Sarah Britten
Sarah Britten

Take drugs? Don’t help the piranhas

I’ve never taken drugs. Well, not the illegal kind anyway. I prefer to walk up to the counter at the pharmacy, recite my request and wait mournfully to be told that Discovery isn’t paying. As a kid in primary school, I regularly took overdoses of my asthma pills (Microfillin; active ingredient theophylline) in order to make me sick enough to miss swimming, which I hated. My mother never did work out why I was sick on Tuesdays with such remarkable regularity.

But I digress.

I’ve never even seen others ingesting illegal drugs, despite the fact that I’ve worked in advertising for 14 years. Oh, there were the Fridays on the patio when I’d nurse a Smirnoff Spin while the creatives passed around a spliff, but does dagga really count?

Despite years of lectures and scare stories about drugs at school – “Just say no!” – I’ve never really had any moral issues with drugs. I just don’t like the idea of psychoactive substances interacting with the medication I’m already on, and so I’ve stayed away. (Interviewing a family of four sons, three of whom developed schizophrenia after drug use, put me off for life.)

So a book about the drug trade is somewhat theoretical for me. Still, I’d like to give a copy of Dead Cows for Piranhas by Hazel Friedman to anyone who enjoys recreational illegal drug use, particularly cocaine, because it might offer a different perspective on an apparently victimless crime.

dead cows for piranhas

You might know Friedman from her Special Assignment exposés; she has won awards for her investigation of the links between South Africans and drug smuggling in Thailand.

The title refers to Friedman’s discovery that some drug mules are “dead cows” – deliberately offered as sacrifices to appease the authorities and the public and distract from the other smugglers on the same flight. If you read about a drug bust at an airport, you’re not reading about all the other drug mules who did get through – with much larger quantities of drugs.

The dead cows end up in jails in foreign countries, denied their rights as South African citizens, victims of human trafficking. Friedman covers the specifics of her interviews with young women like Thando Pendu, arrested in Thailand and currently serving time there, as well as her attempts to track down the people who recruited her. It’s less a problem of drug smuggling than human trafficking: unwitting victims are coerced into breaking the law, and the police are waiting for them the moment they arrive on foreign soil.

Being a drug mule, in case you were wondering, requires desperation, naïveté and a weak gag reflex. Drugs are typically smuggled in condoms that are swallowed, slowly and painstakingly; wannabe smugglers are trained on baby carrots. Friedman sticks to the facts, but occasionally allows a dry sense of humour to slip through. I couldn’t read this sentence without flinching even as I smiled:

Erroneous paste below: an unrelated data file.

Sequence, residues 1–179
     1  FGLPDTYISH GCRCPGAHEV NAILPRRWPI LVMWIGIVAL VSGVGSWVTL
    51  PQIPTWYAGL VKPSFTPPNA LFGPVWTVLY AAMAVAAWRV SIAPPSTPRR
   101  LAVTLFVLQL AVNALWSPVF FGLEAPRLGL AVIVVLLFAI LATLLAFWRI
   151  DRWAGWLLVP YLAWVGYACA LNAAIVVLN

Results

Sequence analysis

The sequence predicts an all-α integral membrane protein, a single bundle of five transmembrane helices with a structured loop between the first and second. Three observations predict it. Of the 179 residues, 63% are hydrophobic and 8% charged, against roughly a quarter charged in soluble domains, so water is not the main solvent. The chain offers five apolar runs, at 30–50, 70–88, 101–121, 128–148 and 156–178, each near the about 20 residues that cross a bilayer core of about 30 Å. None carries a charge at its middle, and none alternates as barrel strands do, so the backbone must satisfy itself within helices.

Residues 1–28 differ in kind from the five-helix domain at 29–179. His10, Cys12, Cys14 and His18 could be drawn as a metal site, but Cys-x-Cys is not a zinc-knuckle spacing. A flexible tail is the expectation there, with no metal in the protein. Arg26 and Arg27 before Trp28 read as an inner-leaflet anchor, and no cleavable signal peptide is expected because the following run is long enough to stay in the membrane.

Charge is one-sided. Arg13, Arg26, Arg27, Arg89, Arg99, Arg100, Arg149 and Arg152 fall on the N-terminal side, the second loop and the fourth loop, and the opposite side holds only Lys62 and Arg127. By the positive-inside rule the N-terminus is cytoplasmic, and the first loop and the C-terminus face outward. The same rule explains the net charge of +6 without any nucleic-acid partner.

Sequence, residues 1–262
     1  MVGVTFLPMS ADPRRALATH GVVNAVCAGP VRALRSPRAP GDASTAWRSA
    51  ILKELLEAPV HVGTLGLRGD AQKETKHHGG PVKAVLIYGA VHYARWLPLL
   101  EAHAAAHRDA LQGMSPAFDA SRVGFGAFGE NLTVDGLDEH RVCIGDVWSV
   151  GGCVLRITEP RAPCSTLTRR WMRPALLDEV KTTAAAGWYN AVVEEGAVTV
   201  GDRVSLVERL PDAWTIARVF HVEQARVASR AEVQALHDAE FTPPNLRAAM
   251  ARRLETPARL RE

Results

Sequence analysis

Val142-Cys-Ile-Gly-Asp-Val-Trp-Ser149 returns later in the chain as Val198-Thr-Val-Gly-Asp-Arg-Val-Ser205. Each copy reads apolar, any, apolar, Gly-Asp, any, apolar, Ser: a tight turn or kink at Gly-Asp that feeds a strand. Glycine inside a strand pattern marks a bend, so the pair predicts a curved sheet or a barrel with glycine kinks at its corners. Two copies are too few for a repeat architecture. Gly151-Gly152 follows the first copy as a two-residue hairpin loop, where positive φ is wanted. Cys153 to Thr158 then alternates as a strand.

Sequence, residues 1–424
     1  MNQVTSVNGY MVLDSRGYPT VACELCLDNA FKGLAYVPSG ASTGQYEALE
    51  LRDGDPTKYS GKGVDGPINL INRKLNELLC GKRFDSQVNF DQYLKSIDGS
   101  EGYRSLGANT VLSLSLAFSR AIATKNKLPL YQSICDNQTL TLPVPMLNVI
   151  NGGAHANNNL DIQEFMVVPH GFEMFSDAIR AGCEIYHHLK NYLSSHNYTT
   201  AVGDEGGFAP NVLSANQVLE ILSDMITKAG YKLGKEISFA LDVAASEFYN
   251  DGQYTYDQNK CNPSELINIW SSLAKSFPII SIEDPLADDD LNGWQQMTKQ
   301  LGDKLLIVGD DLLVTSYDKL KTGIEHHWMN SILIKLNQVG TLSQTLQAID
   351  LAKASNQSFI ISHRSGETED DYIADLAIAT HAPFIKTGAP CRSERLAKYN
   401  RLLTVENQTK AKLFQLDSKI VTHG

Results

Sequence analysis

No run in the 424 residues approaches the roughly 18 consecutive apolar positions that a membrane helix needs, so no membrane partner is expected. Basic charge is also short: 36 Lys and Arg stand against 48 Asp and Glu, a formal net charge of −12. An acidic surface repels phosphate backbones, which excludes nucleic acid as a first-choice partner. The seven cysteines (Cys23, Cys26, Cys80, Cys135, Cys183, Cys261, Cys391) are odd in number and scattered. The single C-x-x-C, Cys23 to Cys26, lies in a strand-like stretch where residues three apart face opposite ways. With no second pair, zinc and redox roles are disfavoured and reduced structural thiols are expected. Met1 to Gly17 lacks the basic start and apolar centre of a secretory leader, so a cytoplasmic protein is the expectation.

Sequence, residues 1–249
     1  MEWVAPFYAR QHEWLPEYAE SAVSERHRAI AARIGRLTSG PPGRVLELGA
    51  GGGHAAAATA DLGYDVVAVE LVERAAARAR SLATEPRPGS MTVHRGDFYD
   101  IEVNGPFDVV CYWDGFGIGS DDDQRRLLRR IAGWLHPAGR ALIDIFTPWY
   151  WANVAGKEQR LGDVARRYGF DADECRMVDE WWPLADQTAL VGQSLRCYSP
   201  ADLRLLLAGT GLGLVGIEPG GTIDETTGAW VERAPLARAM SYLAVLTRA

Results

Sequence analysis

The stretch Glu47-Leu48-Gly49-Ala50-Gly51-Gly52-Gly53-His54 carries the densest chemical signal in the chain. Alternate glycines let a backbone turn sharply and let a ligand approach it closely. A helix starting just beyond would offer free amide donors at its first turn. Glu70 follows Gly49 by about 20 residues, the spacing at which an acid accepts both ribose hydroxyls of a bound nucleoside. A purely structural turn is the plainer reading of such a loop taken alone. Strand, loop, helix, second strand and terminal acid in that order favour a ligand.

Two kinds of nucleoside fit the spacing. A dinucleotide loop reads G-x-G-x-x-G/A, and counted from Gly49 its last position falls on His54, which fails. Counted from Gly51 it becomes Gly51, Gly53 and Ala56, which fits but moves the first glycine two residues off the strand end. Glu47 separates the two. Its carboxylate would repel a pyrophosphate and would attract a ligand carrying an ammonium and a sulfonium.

“Stella was extremely intelligent, with an expansive vocabulary, courtesy of the many books she had read during her numerous global peregrinations to take her mind off the gurgling cargo in her distended gut.”

The tale is filled with ruined lives, indifferent government officials, passionate activists and, yes, a lot of Nigerians. Chapters 13 and 14 are excellent introductions to the history of organised crime in South Africa, detailing the intricate connections between drug lords, politicians and law enforcement, which extends way back into the murky depths of apartheid. I was both fascinated and depressed. We are knee deep in slime, and that’s only the stuff we think we know about. The war on drugs has succeeded spectacularly in only one regard: it has set up the framework within which criminal gangs can flourish.

In the midst of all this craven grasping for money and power, it is the desperate and ignorant who suffer. Friedman teases out the link between the former and the latter, often at great risk to herself. She is brave, or crazy, and possibly both.

This is what struck me about Dead Cows for Piranhas. Over the years, I’ve had conversations with people who regard drugs – I’m talking particularly here about cocaine, which are produced far from where it is consumed and must be smuggled across borders – as recreational amusement, a personal choice that harms no one else. An act of rebellion against nanny statism, if you will. But you’re also contributing in your own small way to human misery, and not just your own. You’re aiding and abetting the trafficking of innocent people. You are a link in a long chain of human rights abuses.

Convicted drug mules like Shani Krebs and Vanessa Goosen have been freed, but many South Africans continue to languish in terrible conditions in overseas jails. Dead Cows for Piranhas is absorbing and eye-opening, and feels like it needs a sequel, because the end of this story has yet to be told. Friedman is in Thailand at the moment, taking the mother of a jailed South African to visit a daughter she has not seen in years.

The illegal drugs discussion is huge, far too complex to tackle here. I’m fully in favour of decriminalising them, along with other sacred policing cows like prostitution – but that isn’t going to happen any time soon, and before then, innocent citizens will be sacrificed.

Think next time you indulge. Who suffered for your high?

Dead Cows for Piranhas by Hazel Friedman, published by Jonathan Ball Publishers and available from Exclusive Books. You can also buy it online here and here.

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